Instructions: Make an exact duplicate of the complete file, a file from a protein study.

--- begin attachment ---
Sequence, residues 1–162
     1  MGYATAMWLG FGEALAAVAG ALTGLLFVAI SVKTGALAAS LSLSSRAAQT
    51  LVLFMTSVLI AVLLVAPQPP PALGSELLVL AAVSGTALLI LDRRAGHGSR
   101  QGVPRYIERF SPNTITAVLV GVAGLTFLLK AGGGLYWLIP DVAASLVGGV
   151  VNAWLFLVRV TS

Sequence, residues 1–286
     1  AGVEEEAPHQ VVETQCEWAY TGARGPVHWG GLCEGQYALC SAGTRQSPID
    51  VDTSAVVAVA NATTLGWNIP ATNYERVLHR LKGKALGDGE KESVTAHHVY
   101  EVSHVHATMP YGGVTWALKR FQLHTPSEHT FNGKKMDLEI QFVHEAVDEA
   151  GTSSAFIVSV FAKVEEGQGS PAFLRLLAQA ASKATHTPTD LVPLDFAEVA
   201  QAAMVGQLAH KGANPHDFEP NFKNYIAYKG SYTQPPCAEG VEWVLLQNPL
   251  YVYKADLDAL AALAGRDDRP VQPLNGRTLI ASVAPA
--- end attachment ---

Sequence, residues 1–162
     1  MGYATAMWLG FGEALAAVAG ALTGLLFVAI SVKTGALAAS LSLSSRAAQT
    51  LVLFMTSVLI AVLLVAPQPP PALGSELLVL AAVSGTALLI LDRRAGHGSR
   101  QGVPRYIERF SPNTITAVLV GVAGLTFLLK AGGGLYWLIP DVAASLVGGV
   151  VNAWLFLVRV TS

Sequence, residues 1–286
     1  AGVEEEAPHQ VVETQCEWAY TGARGPVHWG GLCEGQYALC SAGTRQSPID
    51  VDTSAVVAVA NATTLGWNIP ATNYERVLHR LKGKALGDGE KESVTAHHVY
   101  EVSHVHATMP YGGVTWALKR FQLHTPSEHT FNGKKMDLEI QFVHEAVDEA
   151  GTSSAFIVSV FAKVEEGQGS PAFLRLLAQA ASKATHTPTD LVPLDFAEVA
   201  QAAMVGQLAH KGANPHDFEP NFKNYIAYKG SYTQPPCAEG VEWVLLQNPL
   251  YVYKADLDAL AALAGRDDRP VQPLNGRTLI ASVAPA